Staffing cuts at the Government’s waste programme has been attacked by Labour.
Ministers revealed the number of Defra waste officials has been slashed by more than a quarter in just a year and a half.
Environment minister Richard Benyon, responding to a parliamentary question by Labour’s Gavin Shuker (left), said the number of full time equivalent employees at the department’s waste programme had fallen from 78.23 in March 2011, to 57.61 in October 2012, a cut of over 26%.
Shuker, Labour’s shadow waste minister, called on ministers to reconsider the cuts.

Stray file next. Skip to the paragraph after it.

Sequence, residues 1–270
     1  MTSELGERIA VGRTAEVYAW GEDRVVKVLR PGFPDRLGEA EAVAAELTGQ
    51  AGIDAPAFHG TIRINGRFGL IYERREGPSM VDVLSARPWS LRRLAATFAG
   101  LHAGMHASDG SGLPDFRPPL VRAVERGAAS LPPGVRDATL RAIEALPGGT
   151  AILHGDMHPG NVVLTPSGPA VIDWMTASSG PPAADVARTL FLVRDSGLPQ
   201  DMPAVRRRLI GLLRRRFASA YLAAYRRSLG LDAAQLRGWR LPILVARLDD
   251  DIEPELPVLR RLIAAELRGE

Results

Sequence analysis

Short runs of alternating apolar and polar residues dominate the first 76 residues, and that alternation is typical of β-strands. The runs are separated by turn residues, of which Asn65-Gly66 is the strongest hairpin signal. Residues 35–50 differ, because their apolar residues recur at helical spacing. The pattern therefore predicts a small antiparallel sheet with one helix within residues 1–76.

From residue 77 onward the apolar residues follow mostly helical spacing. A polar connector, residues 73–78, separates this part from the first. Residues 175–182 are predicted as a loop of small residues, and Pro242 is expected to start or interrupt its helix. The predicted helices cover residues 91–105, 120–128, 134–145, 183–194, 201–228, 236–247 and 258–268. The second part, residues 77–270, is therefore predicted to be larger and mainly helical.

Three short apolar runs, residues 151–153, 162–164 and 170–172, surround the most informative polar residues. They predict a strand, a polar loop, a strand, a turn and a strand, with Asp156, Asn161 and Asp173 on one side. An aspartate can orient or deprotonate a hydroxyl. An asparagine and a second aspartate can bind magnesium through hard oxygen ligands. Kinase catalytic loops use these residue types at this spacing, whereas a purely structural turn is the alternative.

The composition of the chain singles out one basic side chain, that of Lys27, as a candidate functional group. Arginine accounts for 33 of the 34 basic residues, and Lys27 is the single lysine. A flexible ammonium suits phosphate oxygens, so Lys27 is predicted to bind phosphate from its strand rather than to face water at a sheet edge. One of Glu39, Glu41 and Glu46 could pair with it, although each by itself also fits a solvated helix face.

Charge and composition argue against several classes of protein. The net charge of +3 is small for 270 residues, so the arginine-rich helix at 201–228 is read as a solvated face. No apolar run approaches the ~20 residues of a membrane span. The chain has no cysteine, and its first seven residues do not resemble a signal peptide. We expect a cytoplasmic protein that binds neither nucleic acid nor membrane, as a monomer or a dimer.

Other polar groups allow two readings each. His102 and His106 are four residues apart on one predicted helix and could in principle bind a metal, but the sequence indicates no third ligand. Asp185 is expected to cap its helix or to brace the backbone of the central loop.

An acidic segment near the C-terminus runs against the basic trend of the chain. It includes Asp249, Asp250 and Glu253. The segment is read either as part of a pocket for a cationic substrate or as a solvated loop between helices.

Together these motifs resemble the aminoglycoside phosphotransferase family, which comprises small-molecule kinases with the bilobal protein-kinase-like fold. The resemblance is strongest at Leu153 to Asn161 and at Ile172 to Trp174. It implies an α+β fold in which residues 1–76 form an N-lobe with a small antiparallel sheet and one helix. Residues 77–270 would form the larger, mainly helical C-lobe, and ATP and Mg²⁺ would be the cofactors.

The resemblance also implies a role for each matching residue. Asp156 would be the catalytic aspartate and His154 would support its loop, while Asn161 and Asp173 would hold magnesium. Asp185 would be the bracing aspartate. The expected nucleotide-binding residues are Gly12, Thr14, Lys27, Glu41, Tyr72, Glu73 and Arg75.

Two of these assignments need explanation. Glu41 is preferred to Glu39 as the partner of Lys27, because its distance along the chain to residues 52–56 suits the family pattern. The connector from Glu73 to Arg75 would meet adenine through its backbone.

He told MRW: “Waste and resources should be a growth industry in this country, with Government working to support the sector. Instead they are slashing back at the department with responsibility for it.”
The news came as industry leaders responded to new departmental cuts announced in the chancellor’s Autumn Statement.
George Osborne said Defra, along other Government departments, would have its funding cut by 1% in 2013/14, and a further 2% the following year.
Chartered Institution of Wastes Management (CIWM) chief executive Steve Lee said: “While the cuts to Defra’s budget over the next two years were both expected and are less severe that some had predicted, CIWM remains concerned about the resourcing and strength of Defra as the lead department on sustainable waste and resource management.”
He said the sector needed a department capable of providing leadership and policy to support the industry’s role in green growth.
Defra did not respond to MRW’s request for a comment.